Season 3 Episode 2

Ungrading: What, Why, and How

In recent years, many faculty across higher education have raised the question: are there ways in which traditional grading—summarizing the student experience with a letter or number—takes the focus off of the learning itself? In response to this question, an alternative set of practices has emerged, known as ‘ungrading.’ These practices and techniques range from contract-based grading (Inoue, 2019) to the elimination of grades all together (Stommel, 2017). Wherever they find themselves on the continuum, in this episode, we hear Georgetown faculty wrestle with the nuances and complexities of assigning grades, and thoughts about their impact.

The four faculty featured in this episode - Patrick Johnson, Associate Teaching Professor in Physics; Karen Shaup, Associate Teaching Professor in English; Erika Seamon, Teaching Professor in the American Studies Program; and Milena Santoro, Associate Professor in the Department of French and Francophone Studies - followed different paths to ungrading and don’t all practice the same techniques. The conversations illustrate how ungrading doesn’t equate to a lack of feedback, or skipping assessment in courses, but instead makes extensive feedback to the students more central to the course than actual grades. Their practices demonstrate how changes can run the gamut from small tweaks to large overhauls and encourage students to turn their attention from the outcome of grades to the process of learning.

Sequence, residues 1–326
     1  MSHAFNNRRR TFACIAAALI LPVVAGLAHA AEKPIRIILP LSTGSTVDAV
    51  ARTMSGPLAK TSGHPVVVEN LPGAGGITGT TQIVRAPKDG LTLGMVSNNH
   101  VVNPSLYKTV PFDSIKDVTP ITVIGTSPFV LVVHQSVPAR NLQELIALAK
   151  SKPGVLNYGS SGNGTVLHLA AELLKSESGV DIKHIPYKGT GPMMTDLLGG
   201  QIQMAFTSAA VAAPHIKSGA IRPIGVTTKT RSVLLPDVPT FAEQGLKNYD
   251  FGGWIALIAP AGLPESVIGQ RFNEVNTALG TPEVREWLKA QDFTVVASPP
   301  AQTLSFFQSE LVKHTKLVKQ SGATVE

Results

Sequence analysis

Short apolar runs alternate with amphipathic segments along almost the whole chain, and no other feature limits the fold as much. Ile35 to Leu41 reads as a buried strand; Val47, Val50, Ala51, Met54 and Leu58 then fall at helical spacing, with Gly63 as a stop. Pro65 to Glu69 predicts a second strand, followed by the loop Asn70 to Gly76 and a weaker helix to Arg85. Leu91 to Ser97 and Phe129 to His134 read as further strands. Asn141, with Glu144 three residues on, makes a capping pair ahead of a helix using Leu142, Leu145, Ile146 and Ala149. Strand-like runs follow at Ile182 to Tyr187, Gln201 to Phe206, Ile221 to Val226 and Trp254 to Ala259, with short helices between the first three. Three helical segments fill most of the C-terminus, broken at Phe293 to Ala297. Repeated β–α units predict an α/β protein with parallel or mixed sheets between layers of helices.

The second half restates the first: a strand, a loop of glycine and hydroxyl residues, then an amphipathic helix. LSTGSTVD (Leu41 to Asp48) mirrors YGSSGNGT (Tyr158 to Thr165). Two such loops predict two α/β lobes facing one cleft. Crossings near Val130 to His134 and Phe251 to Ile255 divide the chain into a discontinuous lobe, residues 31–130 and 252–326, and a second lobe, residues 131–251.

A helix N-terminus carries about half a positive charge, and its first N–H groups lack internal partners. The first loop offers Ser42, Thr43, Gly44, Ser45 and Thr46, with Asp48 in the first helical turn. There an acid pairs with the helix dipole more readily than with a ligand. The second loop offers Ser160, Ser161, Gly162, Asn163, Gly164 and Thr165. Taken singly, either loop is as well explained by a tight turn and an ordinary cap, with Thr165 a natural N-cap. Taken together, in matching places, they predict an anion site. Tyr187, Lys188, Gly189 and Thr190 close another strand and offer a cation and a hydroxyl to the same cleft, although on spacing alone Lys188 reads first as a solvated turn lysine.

In this episode, you will learn more about such key takeaways as:

  • Ungrading practices has been shown to increase student motivation to aspire for academic excellence
  • Shifting the focus away from grades can reduce pressure, foster curiosity, and increase intrinsic motivation among students
  • Ungrading does not require you to eliminate letter grades altogether and does not have to be applied to the entire course
  • A wide range of techniques comprises ungrading; it is not a one-size-fits-all approach
  • Ungrading practices can be applied in all disciplines

To take a deeper dive into the literature that has informed their ungrading practices, click here to access our show notes where you will find links to resources about how ungrading can positively impact student learning, motivation, and performance (Blum, 2021; Chamberlin et al,, 2018; Heissel et al., 2021), encourage curiosity and creativity (Amabile, 2018; Rapchak et al., 2022), dismantle power imbalances between faculty and students (Rapchak et al., 2022), and humanize students (Morris, 2021; Stommel, 2021).

Click here to listen in on the experiences of these faculty and their students.

: : Transcript

Show Notes


Featured in this Episode

  • Karen Shaup, Director of the Writing Center and Associate Teaching Professor, English Department
  • Miléna Santoro, Associate Professor, Department of French and Francophone Studies
  • Patrick Johnson, Associate Teaching Professor, Department of Physics
  • Erika Seamon, Teaching Professor, American Studies Program


Georgetown Resources

Additional Research

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